Create an AI Data Analyst bot for Slack that can lookup data in your database

Do you want a Slack bot that can answer simple questions by performing ad-hoc queries in your databases?

Do you want a Slack bot that can do this:

AI Slack bot responding to queries
AI Slack bot responding to queries

Are those responses correct? Yes, and no. Those are the values you get from the Titanic dataset I happened to have on my computer. The bot sends correct queries to the database.

Are the values actual? I don’t think so. I have never verified the data in the Titanic dataset. Please remember that your bot’s responses will be as good as the data it can access!

What do we need?

We are going to build a Slack bot in Python. The bot will access OpenAI’s GPT-3 model and a sqlite database. Of course, you can replace sqlite with any other database. The AI model will produce standard SQL. It should work fine with every SQL database and query engine.

Before we start, you have to install the following packages in your Python environment:

  • openai - API for OpenAI GPT-3 models
  • langchain - an implementation of agent AI and prompt templates
  • tabulate - we need it to return the data retrieved from the database as Markdown
  • pandas - we will use it to query the database
  • slackclient - sends messages to Slack
  • slackeventsapi - listens to Slack messages
  • flask - a web server running the bot code

What is a Langchain Agent?

A Langchain Agent allows GPT-3 to perform operations in the “outside world.” With those agents, we can retrieve data from the Internet, run code generated by GPT-3, or access a database. The GPT-3 will determine on its own what actions it needs to take and in what order. Every action’s output will be automatically returned to the model by the langchain library.

For example, when I asked about the name of the oldest passenger, langchain logged the following agent’s thought process.

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> Entering new AgentExecutor chain...
I need to use the passengers table to get the age of each passenger in the table.
Action: SQL
Action Input: SELECT Name, Age FROM passengers ORDER BY Age DESC LIMIT 1;
Observation: |    | Name                                 |   Age |
|---:|:-------------------------------------|------:|
|  0 | Barkworth, Mr. Algernon Henry Wilson |    80 |
Thought: I now have the name and age of the oldest passenger.
Final Answer: The oldest passenger was Barkworth, Mr. Algernon Henry Wilson, aged 80.

> Finished chain.

When the agent implementation uses the GPT-3 model, the model can determine what information it needs to answer the question and which of the available actions provides the required data. It also knows how to use the action correctly (GPT-3 automatically generates those SQL queries), understands the answer, and paraphrases it to answer the original question.

What’s in my database?

My database contains the Titanic Dataset split into three tables. A “tickets” table includes the ticket id, class, fare, cabin number, and port of embarkation. Every row is linked to a passenger by the passenger’s id. The third table contains the passengers’ data: name, sex, age, number of siblings, spouses, parents, and children aboard the Titanic. I have the “survivors” table with only two columns: the passenger’s id and a boolean to indicate whether a person survived.

Your knowledge of the database is crucial! You will have to explain the database structure in detail to GPT-3 in the query.

Building the bot

Now, we can build the bot. My implementation consists of three files: one for the database access code, one for OpenAI API access, and one file with the Slack bot webserver.

Querying the database

We will start with database access because it’s the shortest code. Here, we have a function for retrieving the data from our database and a function to convert the data to markdown. The Langchain Agent will use the second function to query the database:

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import sqlite3
import pandas as pd


DATABASE_PATH = ...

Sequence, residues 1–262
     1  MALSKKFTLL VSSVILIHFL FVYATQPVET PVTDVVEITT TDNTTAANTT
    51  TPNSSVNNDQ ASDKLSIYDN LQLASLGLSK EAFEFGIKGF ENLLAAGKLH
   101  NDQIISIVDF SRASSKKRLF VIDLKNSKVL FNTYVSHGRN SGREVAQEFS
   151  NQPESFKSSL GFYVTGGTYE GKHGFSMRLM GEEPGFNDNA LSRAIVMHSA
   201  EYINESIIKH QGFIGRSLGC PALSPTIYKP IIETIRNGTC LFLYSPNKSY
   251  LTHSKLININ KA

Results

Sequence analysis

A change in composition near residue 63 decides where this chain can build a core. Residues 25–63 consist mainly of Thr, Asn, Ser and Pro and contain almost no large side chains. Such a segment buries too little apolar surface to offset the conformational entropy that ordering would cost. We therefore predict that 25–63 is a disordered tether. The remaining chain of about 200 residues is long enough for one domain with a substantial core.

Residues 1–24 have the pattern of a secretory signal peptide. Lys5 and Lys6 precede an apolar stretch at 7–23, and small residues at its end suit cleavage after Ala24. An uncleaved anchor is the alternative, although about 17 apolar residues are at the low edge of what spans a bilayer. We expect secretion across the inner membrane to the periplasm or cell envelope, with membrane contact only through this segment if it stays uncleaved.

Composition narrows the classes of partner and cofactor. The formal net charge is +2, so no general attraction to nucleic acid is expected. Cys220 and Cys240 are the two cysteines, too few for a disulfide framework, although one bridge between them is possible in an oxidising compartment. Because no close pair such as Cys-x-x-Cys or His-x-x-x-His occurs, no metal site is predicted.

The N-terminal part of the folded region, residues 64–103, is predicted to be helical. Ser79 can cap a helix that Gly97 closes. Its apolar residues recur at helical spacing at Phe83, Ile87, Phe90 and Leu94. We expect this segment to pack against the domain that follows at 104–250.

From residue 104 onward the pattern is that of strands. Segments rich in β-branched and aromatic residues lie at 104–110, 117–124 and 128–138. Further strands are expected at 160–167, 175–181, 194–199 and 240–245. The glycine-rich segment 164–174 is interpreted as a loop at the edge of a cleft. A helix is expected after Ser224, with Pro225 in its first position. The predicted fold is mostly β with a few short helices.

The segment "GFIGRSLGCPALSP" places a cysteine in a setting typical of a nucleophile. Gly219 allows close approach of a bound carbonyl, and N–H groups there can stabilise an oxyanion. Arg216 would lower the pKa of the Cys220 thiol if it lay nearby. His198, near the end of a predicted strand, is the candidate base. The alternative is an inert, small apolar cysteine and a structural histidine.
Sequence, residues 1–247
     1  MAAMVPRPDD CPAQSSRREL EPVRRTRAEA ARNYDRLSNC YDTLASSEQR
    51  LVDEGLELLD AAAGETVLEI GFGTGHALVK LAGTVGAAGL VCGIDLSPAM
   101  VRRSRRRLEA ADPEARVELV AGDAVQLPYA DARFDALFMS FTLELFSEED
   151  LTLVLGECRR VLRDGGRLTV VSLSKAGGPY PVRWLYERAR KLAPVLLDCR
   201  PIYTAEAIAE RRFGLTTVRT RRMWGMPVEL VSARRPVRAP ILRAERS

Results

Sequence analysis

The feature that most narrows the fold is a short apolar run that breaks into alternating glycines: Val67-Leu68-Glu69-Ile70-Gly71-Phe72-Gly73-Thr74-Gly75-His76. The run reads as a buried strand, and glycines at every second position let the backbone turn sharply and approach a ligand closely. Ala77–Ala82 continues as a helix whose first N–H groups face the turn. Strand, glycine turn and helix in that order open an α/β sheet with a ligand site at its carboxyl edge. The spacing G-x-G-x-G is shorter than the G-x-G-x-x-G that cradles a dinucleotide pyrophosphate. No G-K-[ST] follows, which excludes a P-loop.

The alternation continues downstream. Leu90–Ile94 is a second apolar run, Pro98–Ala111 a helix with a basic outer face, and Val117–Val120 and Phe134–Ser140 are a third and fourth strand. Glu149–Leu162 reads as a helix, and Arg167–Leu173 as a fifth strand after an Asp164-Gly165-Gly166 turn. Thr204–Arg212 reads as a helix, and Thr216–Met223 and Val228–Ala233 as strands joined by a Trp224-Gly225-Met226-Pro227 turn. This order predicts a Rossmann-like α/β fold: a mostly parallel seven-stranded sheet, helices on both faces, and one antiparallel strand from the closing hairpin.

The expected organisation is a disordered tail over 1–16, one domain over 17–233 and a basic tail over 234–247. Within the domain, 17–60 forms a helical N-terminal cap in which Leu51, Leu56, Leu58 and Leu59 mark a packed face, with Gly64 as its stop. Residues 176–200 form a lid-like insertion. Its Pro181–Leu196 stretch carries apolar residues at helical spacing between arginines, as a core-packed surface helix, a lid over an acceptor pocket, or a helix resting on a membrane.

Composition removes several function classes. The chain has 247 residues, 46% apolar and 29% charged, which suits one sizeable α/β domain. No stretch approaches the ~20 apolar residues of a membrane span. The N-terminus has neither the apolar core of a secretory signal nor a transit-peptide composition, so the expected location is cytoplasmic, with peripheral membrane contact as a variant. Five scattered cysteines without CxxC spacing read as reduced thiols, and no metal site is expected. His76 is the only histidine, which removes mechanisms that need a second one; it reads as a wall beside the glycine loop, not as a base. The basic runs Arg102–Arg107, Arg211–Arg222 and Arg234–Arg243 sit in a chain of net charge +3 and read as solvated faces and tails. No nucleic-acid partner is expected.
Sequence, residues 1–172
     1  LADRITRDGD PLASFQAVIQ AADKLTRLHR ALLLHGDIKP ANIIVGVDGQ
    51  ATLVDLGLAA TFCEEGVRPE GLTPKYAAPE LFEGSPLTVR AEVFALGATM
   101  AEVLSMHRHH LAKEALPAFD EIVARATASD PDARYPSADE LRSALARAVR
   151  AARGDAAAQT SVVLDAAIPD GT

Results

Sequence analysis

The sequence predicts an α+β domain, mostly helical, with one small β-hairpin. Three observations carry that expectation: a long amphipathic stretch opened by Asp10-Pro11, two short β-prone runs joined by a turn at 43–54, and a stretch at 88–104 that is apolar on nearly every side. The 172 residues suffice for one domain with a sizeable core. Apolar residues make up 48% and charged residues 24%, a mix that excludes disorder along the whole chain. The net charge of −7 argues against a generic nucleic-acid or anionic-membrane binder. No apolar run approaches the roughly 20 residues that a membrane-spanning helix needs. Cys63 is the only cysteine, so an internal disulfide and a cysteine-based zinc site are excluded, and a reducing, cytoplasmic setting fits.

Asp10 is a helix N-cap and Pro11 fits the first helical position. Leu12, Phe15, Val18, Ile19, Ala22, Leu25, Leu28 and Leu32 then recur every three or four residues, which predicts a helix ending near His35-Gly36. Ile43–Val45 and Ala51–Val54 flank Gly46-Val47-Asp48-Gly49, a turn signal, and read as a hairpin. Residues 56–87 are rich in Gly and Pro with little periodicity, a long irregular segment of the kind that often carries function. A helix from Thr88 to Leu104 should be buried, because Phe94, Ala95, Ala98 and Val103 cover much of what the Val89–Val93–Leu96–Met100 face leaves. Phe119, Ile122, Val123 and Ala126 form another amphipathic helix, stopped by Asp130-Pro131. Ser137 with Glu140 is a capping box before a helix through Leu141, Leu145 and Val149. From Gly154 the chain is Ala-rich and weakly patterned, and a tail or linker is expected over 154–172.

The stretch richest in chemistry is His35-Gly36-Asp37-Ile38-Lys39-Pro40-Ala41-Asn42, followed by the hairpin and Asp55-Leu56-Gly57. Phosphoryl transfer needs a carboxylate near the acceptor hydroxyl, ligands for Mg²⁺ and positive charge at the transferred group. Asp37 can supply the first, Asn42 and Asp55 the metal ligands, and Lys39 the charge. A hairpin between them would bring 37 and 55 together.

def run_query(query):
    con = sqlite3.connect(DATABASE_PATH)
    try:
        response = pd.read_sql_query(query, con)
        return response
    finally:
        con.close()


def sql_query(query):
    return run_query(query).to_markdown()

GPT prompt and agent code

Now, we can implement the AI part of the application. The code is quite long, so I split it into steps.

First, we need to import the dependencies and read the OpenAI API key from an environment variable or a file:

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from langchain.agents import Tool
from langchain.agents import initialize_agent
from langchain.llms import OpenAI
from langchain.prompts import PromptTemplate

OPEN_AI_API_KEY = ...

In the second step, we write the template of our GPT-3 prompt. This is where you tell GPT-3 what data it can access and the meaning of the values! If you make a mistake or don’t provide sufficient details, the model won’t produce correct queries! Remember to add the {query} placeholder!

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PROMPT_TEMPLATE = """
You have access to the following SQL tables that describe the passengers of the Titanic:
Table 1: survivors with columns: PassengerId and Survived. The survived column indicates whether a person has survived the Titanic disaster. 0 if not, 1 if yes.
Table 2: tickets with columns: PassengerId, Ticket - ticket id, Pclass - passenger class (1, 2, or 3), Fare - passenger fare, cabin - cabin number, emarked - the port of embarkation (C = Cherbourg, Q = Queenstown, S = Southampton)
Table 3: passengers with columns: PassengerId, Name, Sex (words "male" or "female"), Age, SibSp - the number of siblings/spouses aboard the Titanic, parch - the number of parents/children aboard the Titanic

When you are asked to retrieve data, return a SQL query using the provided tables.
###
{query}
"""

Next, we start writing the AI class. Don’t overlook the sql_query parameter in the constructor! This is where we pass the sql_query function from the database access code!

  • llm - provides access to OpenAI API
  • prompt - fill in the missing parts of the prompt template and returns a complete prompt
  • tools - all actions available to the Langchain agent. If you also need Google Search access, run Python code, or do anything else, you have to add those actions as a separate tool here
  • agent - the agent that runs our queries. Remember to set the max_iterations parameter. Otherwise, when your agent gets stuck, it won’t crash until you exceed the request tokens limit in OpenAI (which is an expensive way to crash)
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class AI:
    def __init__(self, sql_query):
        self.llm = OpenAI(temperature=0.9, openai_api_key=OPEN_AI_API_KEY)